Until then, keep dancing to the music…

VAMOS A LA PLAYA!

Some cookie projects are a complete pleasure, beginning to end. Once again I followed a tutorial from Marlyn (Montreal Confections). You can watch the basic process here, as part of a recent Live Facebook event. A full, detailed tutorial (with a nice supply list) is available in her Patreon page. The basic idea is quite simple: two colors flood the cookie, mimicking sea and sand. But then she brings the details, the real gilding of the lily. And the simple details turn each cookie into a fun, adorable beach scene.

The adventure starts with a round cookie, pick a size compatible with the decorations that will be added in the end. However, I generally dislike cookies that end up too big, so I went as small as feasible for my shells and starfish.

For the water component, Marlyn suggests painting a wavy design with the air-brush, and a final shiny coat with a spray of PME luster. Those two small details considerably embellish the cookies.

The sand component is added after the water part is fully set. I used Golden Rocks from Wilton, lightly processed in a mini-grinder. You can use Graham cracker crumbs too. Finally, brush embroidery comes in to play the role of waves. Just make sure that the Royal icing is in piping consistency and don’t use water in the brush because it can interfere with the air-brushing. It is all clearly explained in Marlyn’s tutorial, by the way.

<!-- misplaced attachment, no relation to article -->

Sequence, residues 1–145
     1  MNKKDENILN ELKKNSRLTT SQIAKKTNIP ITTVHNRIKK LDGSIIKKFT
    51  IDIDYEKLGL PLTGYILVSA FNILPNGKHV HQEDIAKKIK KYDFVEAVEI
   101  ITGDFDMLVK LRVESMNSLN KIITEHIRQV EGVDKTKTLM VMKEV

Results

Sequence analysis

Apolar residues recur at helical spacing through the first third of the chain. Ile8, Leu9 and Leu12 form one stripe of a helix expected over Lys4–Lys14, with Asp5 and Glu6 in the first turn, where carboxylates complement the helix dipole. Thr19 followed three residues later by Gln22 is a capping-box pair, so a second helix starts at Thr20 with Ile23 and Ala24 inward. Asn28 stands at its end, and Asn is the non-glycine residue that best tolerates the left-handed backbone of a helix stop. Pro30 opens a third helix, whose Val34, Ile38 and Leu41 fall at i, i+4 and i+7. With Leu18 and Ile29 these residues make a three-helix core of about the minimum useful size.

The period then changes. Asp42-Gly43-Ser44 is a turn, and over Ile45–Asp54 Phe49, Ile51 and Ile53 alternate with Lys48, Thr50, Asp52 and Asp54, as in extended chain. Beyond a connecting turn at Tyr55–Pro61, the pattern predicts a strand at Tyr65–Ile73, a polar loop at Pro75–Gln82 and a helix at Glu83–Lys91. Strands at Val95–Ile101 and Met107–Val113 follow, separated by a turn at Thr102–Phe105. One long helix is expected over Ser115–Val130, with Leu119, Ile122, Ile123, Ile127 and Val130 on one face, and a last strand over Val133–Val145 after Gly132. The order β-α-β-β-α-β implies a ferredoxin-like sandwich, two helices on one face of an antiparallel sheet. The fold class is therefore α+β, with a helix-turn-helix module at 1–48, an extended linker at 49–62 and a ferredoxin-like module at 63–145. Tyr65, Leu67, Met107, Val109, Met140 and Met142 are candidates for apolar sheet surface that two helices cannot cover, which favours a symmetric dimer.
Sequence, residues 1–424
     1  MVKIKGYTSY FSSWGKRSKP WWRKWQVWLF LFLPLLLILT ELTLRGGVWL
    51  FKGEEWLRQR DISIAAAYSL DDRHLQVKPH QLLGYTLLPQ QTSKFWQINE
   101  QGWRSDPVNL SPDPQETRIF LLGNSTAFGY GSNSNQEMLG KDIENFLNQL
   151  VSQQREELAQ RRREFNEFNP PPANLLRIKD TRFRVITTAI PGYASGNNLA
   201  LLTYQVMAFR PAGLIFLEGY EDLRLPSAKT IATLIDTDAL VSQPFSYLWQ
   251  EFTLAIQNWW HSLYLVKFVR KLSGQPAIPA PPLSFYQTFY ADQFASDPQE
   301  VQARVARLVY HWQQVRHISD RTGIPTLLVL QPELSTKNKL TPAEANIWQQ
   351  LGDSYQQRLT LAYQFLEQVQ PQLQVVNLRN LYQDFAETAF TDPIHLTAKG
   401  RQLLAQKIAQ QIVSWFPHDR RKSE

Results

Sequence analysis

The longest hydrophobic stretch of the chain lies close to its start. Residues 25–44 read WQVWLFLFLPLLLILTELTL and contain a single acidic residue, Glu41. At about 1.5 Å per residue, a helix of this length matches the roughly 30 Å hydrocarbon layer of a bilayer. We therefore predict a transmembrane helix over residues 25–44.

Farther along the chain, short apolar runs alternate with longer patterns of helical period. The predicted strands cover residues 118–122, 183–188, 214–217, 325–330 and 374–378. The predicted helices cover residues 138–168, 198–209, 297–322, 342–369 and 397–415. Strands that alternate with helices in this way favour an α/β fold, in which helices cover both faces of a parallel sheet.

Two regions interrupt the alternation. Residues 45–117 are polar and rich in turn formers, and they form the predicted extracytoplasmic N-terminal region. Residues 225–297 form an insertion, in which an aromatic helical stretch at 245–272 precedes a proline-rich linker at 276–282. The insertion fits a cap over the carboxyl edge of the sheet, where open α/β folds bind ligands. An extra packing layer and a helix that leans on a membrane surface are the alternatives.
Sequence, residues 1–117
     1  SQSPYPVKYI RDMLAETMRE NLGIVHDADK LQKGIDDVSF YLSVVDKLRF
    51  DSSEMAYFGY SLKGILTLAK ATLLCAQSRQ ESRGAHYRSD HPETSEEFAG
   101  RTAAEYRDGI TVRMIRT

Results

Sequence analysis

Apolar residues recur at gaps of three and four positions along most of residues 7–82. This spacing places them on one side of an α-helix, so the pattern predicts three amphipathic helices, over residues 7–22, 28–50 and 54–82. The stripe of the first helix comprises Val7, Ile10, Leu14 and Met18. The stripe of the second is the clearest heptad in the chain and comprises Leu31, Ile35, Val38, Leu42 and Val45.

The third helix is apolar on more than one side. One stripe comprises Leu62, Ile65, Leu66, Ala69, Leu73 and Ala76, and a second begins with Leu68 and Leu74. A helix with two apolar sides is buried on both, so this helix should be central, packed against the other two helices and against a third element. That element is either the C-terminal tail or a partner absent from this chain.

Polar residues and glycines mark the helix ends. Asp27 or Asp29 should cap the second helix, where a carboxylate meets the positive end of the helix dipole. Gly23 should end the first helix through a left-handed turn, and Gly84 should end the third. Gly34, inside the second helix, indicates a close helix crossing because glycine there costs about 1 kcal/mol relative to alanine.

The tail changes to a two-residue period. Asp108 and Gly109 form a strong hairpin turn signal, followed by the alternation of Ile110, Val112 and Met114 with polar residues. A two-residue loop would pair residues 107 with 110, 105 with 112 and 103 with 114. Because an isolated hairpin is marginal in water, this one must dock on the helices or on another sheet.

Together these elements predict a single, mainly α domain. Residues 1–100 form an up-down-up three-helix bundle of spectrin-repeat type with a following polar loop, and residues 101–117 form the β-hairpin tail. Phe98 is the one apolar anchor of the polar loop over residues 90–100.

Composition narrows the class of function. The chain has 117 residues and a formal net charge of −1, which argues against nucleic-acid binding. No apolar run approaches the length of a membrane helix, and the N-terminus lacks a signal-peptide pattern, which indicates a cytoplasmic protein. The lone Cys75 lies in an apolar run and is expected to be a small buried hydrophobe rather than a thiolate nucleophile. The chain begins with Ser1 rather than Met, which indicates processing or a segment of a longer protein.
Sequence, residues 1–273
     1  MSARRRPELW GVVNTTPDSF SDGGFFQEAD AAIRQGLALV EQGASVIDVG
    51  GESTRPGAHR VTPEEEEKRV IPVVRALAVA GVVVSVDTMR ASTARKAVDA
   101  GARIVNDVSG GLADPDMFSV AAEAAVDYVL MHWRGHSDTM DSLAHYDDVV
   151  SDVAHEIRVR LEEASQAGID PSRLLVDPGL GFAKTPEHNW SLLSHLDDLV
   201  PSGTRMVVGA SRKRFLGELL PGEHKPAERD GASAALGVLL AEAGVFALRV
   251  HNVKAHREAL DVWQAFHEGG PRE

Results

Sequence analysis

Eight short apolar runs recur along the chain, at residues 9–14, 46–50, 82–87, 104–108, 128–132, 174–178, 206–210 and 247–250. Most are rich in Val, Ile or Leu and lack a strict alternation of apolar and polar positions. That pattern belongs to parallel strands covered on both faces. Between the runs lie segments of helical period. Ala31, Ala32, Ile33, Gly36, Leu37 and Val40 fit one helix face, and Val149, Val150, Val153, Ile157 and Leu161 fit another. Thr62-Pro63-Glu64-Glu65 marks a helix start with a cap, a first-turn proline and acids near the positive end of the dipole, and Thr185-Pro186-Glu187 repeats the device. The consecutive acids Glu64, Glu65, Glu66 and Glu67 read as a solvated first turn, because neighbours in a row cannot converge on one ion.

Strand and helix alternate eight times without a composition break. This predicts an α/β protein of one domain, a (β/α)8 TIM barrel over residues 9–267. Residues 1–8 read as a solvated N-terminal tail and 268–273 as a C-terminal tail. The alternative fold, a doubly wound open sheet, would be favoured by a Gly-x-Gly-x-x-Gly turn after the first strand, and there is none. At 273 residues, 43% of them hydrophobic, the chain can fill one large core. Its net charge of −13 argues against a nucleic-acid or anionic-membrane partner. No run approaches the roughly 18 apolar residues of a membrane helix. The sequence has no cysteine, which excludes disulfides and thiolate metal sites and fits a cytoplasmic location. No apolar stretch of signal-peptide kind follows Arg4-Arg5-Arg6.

The shells and decorations were made using this mold.

I find making decorations with silicone molds very relaxing, as you may have noticed from a recent post. And they last for a long time, so you can make them way in advance. I added a light spray of PME luster to all of them, but painting with luster powder + alcohol works great too. The spray is just faster and simpler.

If you love baking cookies, make sure to follow Marlyn through her IG page. She is always coming up with new ideas, it’s hard to keep up, but I have fun trying, that’s for sure!

AMY’S PINEAPPLE COOKIES

If you’ve been around this baby blog of mine for a while, you may have noticed that I follow a few selected “cookiers” very closely. Amy, from Seriously Sweet on Davis Street, is always inspiring me and pushing me to try more challenging techniques. At some point I will gather the courage to attempt one of her super elaborate “Tiki” creations. Hopefully soon. But today I share one small component of that series, her cute Pineapple Cookies. They were a ton of fun to make. My favorite part? The leaves, piped with a tipless bag, generating a cool 3-D texture. I was super scared to try it, but Amy’s tutorial is perfect! You can watch it here, the pineapple decorating starts around the 12 minute mark. Cutting the bag to pipe the leaves is shown at 27 minutes, give or take a few seconds. Brilliant!